Search form

EEOC Releases Aggressive Strategic Enforcement Plan Focused on Discrimination in Hiring and Recruitment

  • September 6, 2012

Citing an “opportune moment to aim for bold and transformative change,” the Equal Employment Opportunity Commission has released on September 4th its Draft Strategic Enforcement Plan (the “Plan”).  EEOC lists systemic recruiting and hiring discrimination as its first priority, followed by protecting immigrant and migrant workers from discrimination.  The EEOC also committed to investigating “emerging” issues, including examining common Americans with Disabilities Act defenses invoked by employers, utilizing Title VII of the Civil Rights Act to protect members of the LGBT community, and pushing employers to accommodate pregnant women. 

While complaining about insufficient funding, the EEOC stressed that it is “better situated” to attack recruitment and hiring discrimination than individuals or private attorneys because of the EEOC’s access to data and documents.  Although not referencing the U.S. Supreme Court’s 2011 Wal-Mart v. Dukes ruling on class actions in the Plan, the EEOC’s claim certainly indicates that the agency will pursue aggressively employment practices that may be abandoned by the private plaintiffs’ bar in light of the Supreme Court’s ruling — the EEOC is not constrained by the class action requirements of Rule 23 of the Federal Rules of Civil Procedures.  (For more information on the Supreme Court ruling, see Supreme Court Reverses Certification of Nationwide Class of 1.5 Million Female Workers.)

With its reference to accessing employer “data and documents,” the EEOC clearly intends to further ramp up its already aggressive subpoena efforts.  In the past, each EEOC District Office has at times limited its hiring discrimination investigations to businesses in its own territory.  However, the Plan stresses that investigation and litigation will not be so limited in the future. Instead, the EEOC will pursue policies and practices on a “company-wide” basis.  Additionally, the Plan commits to a “multi-year research” effort to coordinate strategic enforcement, indicating the agency will be utilizing its access to EEO-1 data in determining vulnerabilities among particular employers and industries.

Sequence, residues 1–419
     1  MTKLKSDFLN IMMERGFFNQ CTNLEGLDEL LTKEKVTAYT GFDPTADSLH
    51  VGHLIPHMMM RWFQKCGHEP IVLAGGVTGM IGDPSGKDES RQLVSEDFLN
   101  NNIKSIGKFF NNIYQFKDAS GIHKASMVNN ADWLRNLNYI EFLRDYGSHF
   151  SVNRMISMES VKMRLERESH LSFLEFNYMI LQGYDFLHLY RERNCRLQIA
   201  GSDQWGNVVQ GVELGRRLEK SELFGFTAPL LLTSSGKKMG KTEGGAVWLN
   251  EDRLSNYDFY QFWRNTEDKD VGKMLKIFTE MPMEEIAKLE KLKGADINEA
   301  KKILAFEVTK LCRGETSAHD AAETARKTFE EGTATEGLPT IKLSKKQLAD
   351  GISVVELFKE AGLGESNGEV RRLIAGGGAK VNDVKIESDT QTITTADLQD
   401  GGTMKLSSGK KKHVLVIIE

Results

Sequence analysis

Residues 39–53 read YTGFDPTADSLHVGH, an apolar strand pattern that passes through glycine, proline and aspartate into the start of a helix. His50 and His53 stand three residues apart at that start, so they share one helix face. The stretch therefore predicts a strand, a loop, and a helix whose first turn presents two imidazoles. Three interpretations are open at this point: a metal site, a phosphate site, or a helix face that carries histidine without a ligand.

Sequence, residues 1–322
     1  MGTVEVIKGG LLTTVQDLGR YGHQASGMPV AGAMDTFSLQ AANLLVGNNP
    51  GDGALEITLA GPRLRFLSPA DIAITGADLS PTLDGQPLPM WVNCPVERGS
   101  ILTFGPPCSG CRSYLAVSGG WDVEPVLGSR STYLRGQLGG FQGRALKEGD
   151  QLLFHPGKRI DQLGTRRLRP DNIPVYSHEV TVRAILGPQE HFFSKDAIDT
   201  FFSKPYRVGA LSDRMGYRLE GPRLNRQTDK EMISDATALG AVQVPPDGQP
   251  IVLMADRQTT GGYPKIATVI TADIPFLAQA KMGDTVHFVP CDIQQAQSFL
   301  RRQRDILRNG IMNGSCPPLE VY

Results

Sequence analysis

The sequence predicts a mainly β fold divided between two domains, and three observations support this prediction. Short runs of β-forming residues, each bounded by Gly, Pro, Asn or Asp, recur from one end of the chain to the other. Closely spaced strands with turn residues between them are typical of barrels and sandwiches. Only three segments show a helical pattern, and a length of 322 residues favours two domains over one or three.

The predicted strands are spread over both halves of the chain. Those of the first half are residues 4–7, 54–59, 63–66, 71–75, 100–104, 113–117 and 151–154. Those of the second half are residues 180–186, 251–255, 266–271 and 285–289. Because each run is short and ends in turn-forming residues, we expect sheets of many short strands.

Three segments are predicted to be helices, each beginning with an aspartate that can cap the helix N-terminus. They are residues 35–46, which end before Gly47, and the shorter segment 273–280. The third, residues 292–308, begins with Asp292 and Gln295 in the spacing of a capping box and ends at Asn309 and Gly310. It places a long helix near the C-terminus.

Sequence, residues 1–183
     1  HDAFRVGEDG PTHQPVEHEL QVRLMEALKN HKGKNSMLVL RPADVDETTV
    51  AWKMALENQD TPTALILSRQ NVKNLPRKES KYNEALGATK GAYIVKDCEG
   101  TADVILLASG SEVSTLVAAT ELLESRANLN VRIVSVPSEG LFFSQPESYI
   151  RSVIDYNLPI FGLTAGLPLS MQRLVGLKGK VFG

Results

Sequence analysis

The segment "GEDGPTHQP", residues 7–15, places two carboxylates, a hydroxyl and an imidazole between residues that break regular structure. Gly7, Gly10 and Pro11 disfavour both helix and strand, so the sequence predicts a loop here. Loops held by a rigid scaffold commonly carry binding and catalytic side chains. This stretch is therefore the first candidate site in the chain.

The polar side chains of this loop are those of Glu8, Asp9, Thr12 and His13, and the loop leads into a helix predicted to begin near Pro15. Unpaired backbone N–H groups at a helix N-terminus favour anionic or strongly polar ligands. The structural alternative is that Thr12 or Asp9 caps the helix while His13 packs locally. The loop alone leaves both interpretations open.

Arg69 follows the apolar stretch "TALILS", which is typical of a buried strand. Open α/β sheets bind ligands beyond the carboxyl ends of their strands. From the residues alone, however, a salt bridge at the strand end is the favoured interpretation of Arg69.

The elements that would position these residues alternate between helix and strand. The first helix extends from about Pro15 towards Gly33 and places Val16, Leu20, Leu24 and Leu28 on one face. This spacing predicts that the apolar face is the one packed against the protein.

The EEOC lists “pre-employment tests, background screens, and date of birth screens in online applications” as particular employment practices of interest.  The Plan also states that the EEOC will focus on “channeling/steering of individuals into specific job due to their status in a particular group.” 

The EEOC pledges some relief from an “all litigation” model in the areas of harassment and retaliation.  According to the Plan, despite “all the EEOC’s administrative and legal enforcement efforts” that have been devoted over the years to combating retaliation and harassment, those forms of discrimination continue to persist.  Accordingly, the Plan commits to redirecting some of the EEOC’s efforts to “national education and outreach.”

The agency has invited stakeholders to provide comments on the draft Plan by September 18, 2012.  The EEOC has indicated it will approve a final version of the Plan by the end of its fiscal year (September 30, 2012).

Jackson Lewis LLP advises employers on compliance with all statutes enforced by the EEOC, works with the EEOC to resolve individual and class matters on terms favorable to its clients and defends such matters in court when early resolution is not feasible. Please contact your Jackson Lewis attorney with any questions about the EEOC Plan or other workplace development.

©2012 Jackson Lewis P.C. This material is provided for informational purposes only. It is not intended to constitute legal advice nor does it create a client-lawyer relationship between Jackson Lewis and any recipient. Recipients should consult with counsel before taking any actions based on the information contained within this material. This material may be considered attorney advertising in some jurisdictions. Prior results do not guarantee a similar outcome.

Focused on labor and employment law since 1958, Jackson Lewis P.C.'s 950+ attorneys located in major cities nationwide consistently identify and respond to new ways workplace law intersects business. We help employers develop proactive strategies, strong policies and business-oriented solutions to cultivate high-functioning workforces that are engaged, stable and diverse, and share our clients' goals to emphasize inclusivity and respect for the contribution of every employee. For more information, visit